Zhang Siji, a Chinese lawyer who defended politically controversial clients including Mao Zedong’s underlings, Tiananmen-era dissidents, purged officials and victims of police manipulation, inspiring generations of human rights lawyers with his advocacy, died June 24 in Beijing. He was 94.
He died in hospital announced by Wu Luan Zhao Yan Attorneys in Beijing, where he works as a senior consultant. Fu Kexin, a lawyer who worked with Mr. Zhang said for many years that the cause was cancer.
mr. Zhang survived the war and then persecution under Mao Zedong to become one of China’s most famous lawyers. Outright victories have been rare in the country’s Communist Party-controlled courtrooms. But Mr Zhang refused to accept that it was there simply as an ornament. He uses painstaking preparation and rigorous arguments to discredit the prosecution’s sloppy accusations, challenge the charges and sometimes win victories.
“There are people in our country who today look at Chinese lawyers as decorative vases,” said Mr. Jan said in an interview published in 2008. “But even if you are placed in a vase, you still have the right to decide whether you will be a dewy thorn rose or a weed stick.”
mr. Zhang began his legal career as a court clerk in Beijing, proud to serve the communist revolution. After the armed suppression of protests in 1989, he staunchly defended people accused of inciting “counter-revolutionary unrest”.
His efforts set an example for other Chinese lawyers who are increasingly taking on abuses of state power. In the last decade of Mr. Zhang’s life China’s leader Xi Jinping works to stifle the so-called rights movement, strip lawyers, detain or imprison hundreds of lawyers and legal activists.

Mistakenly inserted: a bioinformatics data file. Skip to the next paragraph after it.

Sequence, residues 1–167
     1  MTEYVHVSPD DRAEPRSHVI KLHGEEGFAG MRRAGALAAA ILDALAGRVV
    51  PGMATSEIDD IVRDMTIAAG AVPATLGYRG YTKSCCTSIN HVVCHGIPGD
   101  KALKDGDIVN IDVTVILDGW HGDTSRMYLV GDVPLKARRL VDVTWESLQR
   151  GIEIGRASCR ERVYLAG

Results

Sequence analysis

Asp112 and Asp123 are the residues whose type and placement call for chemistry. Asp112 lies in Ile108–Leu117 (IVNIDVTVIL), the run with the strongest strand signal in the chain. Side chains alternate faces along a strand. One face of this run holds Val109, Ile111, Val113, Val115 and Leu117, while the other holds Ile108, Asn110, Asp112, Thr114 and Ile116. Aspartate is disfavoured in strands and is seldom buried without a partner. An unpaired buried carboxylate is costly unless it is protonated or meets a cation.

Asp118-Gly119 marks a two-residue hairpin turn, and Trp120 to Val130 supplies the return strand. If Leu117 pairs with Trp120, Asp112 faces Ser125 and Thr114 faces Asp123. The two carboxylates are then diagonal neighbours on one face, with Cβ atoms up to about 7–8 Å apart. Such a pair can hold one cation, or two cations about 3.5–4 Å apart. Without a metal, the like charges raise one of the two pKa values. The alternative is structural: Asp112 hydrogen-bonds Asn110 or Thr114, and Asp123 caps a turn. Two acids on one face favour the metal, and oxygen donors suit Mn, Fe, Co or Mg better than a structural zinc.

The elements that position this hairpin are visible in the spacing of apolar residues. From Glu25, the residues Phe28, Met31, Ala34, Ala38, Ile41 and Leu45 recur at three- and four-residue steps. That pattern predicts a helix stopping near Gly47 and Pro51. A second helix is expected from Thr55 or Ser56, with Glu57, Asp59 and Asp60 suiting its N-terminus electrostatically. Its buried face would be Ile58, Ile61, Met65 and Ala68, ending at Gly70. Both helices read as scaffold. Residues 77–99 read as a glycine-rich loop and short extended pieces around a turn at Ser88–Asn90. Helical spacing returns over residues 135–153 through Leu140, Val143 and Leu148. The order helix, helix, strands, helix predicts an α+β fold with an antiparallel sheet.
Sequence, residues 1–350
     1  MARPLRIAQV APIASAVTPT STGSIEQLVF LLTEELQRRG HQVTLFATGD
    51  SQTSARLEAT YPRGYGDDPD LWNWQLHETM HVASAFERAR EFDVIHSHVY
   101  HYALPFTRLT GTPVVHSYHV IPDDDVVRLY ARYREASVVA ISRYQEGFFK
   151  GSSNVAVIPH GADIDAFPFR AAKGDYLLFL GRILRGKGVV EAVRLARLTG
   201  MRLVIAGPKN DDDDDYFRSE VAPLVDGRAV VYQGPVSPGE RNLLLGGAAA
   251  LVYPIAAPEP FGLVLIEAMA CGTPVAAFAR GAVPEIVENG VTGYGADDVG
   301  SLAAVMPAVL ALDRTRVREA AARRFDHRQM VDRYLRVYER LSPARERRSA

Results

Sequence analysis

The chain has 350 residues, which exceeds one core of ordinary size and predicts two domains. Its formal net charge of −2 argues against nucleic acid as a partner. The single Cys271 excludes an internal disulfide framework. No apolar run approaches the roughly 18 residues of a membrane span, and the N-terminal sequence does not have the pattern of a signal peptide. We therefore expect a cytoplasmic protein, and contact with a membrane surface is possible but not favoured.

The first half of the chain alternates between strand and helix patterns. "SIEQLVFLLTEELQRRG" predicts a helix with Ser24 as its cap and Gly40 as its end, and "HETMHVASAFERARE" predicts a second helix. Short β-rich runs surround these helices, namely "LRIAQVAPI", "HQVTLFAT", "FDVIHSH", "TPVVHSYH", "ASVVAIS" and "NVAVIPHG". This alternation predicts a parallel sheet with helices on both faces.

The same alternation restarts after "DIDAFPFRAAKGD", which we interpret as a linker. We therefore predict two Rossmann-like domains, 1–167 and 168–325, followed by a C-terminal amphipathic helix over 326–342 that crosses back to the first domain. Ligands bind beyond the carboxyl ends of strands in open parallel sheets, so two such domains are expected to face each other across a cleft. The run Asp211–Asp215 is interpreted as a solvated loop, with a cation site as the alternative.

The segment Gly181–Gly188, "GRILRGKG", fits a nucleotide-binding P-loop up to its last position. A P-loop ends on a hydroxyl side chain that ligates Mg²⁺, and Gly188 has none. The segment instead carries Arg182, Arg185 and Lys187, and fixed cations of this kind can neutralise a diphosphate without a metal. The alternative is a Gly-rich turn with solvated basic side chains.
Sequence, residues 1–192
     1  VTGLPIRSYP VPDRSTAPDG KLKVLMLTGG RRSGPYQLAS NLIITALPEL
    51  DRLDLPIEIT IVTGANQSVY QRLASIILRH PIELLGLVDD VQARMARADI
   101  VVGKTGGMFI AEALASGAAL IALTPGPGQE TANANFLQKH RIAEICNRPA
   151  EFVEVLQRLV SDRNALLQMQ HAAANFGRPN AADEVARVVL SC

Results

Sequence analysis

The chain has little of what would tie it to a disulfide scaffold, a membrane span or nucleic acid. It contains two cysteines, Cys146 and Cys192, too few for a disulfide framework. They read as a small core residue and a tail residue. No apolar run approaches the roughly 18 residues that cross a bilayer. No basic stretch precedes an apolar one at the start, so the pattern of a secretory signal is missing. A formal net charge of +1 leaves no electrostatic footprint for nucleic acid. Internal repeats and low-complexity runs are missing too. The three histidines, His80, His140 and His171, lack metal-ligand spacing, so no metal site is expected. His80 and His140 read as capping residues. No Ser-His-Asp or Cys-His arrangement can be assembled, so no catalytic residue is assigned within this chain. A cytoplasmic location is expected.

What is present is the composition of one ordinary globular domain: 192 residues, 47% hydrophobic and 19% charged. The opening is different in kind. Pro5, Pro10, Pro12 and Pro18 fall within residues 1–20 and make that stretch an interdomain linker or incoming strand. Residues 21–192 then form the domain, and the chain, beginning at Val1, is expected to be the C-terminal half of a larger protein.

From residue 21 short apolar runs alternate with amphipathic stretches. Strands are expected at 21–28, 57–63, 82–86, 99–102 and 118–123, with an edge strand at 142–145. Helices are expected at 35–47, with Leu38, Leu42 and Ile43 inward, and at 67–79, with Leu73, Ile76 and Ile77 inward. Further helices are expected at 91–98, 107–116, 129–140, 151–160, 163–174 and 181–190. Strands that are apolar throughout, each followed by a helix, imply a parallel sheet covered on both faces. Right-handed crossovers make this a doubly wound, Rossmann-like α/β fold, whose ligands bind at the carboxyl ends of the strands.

“He was very tenacious, fighting after every loss. He was unbreakable,” said Ms. Fu, who has worked with Mr. Zhang since the early 1990s. “Throughout his life, he firmly believed that the rule of law was a path that China should take, and lawyers definitely play an important role in this path.”
mr. Jan was born on Nov. 12, 1927, in Zhengzhou, central China, the eldest of 10 children. His father, Zhang Jingtang, was a doctor and his mother, Meng Yanrong, ran the household. Growing up during the Japanese invasion of China, Mr. Zhang first planned to study diplomacy to help his homeland, he wrote in his memoirs published in Hong Kong in 2014.
When Japanese forces entered, the family moved to southwestern China. Days after turning 16, Zhang joined the Nationalist government army and was sent to fight in the border region of India and Burma. After Japan’s defeat, he enrolled at Chaoyang University in Beijing, where he studied law. He also became increasingly active in the underground politics of the Communist Party.
When Mao’s forces came to power in 1949, Mr. Zhang, one of the few party activists with a legal education, was appointed to work as a judge in a court in Beijing, although he was only 21. Filled with revolutionary fervor, he used sharp language when criticizing older court officials, although he -late came to regret being so rude.
Even Mao tightened his grip, Mr. Zhang also became a target of official suspicion and criticism, in part because of his tenure with the defeated Nationalist forces. After being declared a “rightist” in 1957, he was stripped of his membership in the Communist Party and sent to work in the countryside. His legal books were sent as scrap. He later taught school in Beijing, his legal career apparently behind him.
After Mao died in 1976, Mr. Zhang’s talent was needed again when China’s new leaders began to rebuild the legal system. He was asked in 1980 to act as a defense attorney for the Gang of Four and other former officials on trial for their role in the extremes of the Cultural Revolution. The more experienced lawyers had declined the busy work; mr. Zhang agreed, even though he hated the Cultural Revolution.